So far it has attracted over 19,000 signatures.
It calls on NHS England and regulators to make sure all dentists comply with existing rules and make information on prices clearly available.
Further it explains that dentists need to explain the treatment options properly and make sure patients know whether or not their treatment is available on the NHS.
It begs the question however, what is or is not available under the NHS, a point made by, amongst others the British Dental Association (BDA) and the FGDP(UK), both of whom have complained about the complexity of the system.
NHS Choices says about what is available: ‘All the treatment that your dentist believes is necessary to achieve and maintain good oral health is available on the NHS.’
The chief dental officer, Barry Cockcroft, has come under fire for not enlarging on this, but why should he?
The dentist in the surgery is surely best placed to explain face to face with a patient what treatment is or is not clinically necessary.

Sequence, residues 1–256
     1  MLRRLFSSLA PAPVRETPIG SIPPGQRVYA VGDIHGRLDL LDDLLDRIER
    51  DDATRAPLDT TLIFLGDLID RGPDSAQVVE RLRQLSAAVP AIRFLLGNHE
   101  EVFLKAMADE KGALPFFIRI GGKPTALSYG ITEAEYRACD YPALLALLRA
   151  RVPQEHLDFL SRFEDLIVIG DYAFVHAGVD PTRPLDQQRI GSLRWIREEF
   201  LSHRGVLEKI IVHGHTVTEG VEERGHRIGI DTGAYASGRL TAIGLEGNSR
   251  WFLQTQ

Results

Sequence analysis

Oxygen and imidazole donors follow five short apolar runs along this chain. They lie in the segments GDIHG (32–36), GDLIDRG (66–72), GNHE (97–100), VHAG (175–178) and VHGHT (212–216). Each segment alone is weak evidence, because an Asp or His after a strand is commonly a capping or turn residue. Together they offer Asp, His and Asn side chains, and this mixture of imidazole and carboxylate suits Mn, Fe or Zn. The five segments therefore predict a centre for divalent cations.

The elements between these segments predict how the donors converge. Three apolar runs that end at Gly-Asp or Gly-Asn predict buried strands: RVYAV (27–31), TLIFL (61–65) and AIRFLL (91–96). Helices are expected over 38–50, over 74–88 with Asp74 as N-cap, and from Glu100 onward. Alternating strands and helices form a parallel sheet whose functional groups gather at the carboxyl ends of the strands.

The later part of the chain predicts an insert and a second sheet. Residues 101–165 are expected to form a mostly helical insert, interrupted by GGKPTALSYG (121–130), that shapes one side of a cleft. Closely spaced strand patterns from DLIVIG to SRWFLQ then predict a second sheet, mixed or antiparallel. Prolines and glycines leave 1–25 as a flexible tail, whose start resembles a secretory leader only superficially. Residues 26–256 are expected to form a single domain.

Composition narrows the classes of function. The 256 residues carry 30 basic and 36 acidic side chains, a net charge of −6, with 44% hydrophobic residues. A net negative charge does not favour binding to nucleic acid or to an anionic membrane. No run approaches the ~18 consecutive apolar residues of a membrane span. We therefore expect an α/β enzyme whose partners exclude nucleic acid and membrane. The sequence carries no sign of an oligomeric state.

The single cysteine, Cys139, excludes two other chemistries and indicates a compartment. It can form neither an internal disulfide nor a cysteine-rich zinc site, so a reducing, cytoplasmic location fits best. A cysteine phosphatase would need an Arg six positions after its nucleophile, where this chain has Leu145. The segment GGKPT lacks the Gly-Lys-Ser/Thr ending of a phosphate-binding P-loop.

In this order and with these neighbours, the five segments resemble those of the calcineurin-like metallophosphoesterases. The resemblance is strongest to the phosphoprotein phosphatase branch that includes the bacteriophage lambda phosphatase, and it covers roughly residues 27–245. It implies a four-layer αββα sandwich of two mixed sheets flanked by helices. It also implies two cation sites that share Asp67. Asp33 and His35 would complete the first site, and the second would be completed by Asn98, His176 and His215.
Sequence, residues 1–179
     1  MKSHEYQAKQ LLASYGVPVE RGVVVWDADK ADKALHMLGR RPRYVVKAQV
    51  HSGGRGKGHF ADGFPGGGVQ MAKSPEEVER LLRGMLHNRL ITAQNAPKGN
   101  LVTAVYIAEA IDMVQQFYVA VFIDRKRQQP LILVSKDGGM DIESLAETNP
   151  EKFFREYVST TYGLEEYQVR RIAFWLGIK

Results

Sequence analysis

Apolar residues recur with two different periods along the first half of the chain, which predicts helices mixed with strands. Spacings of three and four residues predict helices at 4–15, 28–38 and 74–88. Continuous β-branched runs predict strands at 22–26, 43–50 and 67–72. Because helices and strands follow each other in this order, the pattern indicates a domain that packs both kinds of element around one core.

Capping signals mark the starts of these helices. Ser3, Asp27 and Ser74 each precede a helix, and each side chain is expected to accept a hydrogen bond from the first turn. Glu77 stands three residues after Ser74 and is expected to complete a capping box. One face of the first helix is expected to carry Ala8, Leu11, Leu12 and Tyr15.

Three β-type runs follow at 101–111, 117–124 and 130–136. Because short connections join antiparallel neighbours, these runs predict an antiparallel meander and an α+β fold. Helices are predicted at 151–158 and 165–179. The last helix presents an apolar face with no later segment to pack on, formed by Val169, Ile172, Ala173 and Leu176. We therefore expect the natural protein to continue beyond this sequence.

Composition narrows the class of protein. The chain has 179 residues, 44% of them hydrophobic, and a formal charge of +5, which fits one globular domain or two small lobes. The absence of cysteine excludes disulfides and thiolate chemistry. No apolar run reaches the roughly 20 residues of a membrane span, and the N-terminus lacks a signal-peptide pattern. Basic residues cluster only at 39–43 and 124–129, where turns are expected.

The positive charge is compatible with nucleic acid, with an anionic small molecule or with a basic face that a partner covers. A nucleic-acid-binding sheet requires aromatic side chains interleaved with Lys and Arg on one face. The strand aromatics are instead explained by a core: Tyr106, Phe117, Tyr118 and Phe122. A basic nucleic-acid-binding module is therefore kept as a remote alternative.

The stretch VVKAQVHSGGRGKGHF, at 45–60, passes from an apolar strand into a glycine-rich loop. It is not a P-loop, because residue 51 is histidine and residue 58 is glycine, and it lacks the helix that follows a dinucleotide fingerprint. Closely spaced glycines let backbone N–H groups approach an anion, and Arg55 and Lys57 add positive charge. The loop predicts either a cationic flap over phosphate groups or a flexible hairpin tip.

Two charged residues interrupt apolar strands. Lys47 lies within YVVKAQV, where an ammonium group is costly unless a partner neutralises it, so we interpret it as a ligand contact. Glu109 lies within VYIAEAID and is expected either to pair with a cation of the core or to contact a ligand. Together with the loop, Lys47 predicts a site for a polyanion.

It is well established that the NHS does not cover adult orthodontics, implants in primary care or treatments such as tooth whitening, which all improve appearance but are not clinically necessary.
The snag comes from a sentence in the Which? campaign that says: ‘Your NHS dentist is not allowed to refuse you treatment that is available on the NHS and then offer it to you privately instead’.
And statements such as ‘the NHS doesn’t pay for root treatments’ or ‘the NHS only allows me to do one crown’, are a short cut to a fitness to practise hearing at the General Dental Council (GDC).
So what is to be done (if anything)?
The decision as to what is covered by the NHS is one for NHS England, but three months before an election, no politician wants to be seen as restricting the scope of the service.
So NHS England could simply say that all treatments (except those above) are available.
It doesn’t matter what material is used, so amalgam or composite for any filling wherever in the mouth, dentures in acrylic or chrome, crowns all metal or porcelain bonded.
It doesn’t matter whether the scaling is done by a dentist or hygienist they are available under the NHS.
Is that what those shouting for a list of available treatments want?
I don’t think so.
They want only amalgam or non-precious metal crowns available for posterior teeth, acrylic dentures not chrome under the NHS, and so on.
But be realistic, if NHS England agreed to such a list, there would be a cost to dentists in the form of a cut in contract values.
All measures to restrict the availability of NHS treatment end up as cost cutting operations – a thought to ponder this week.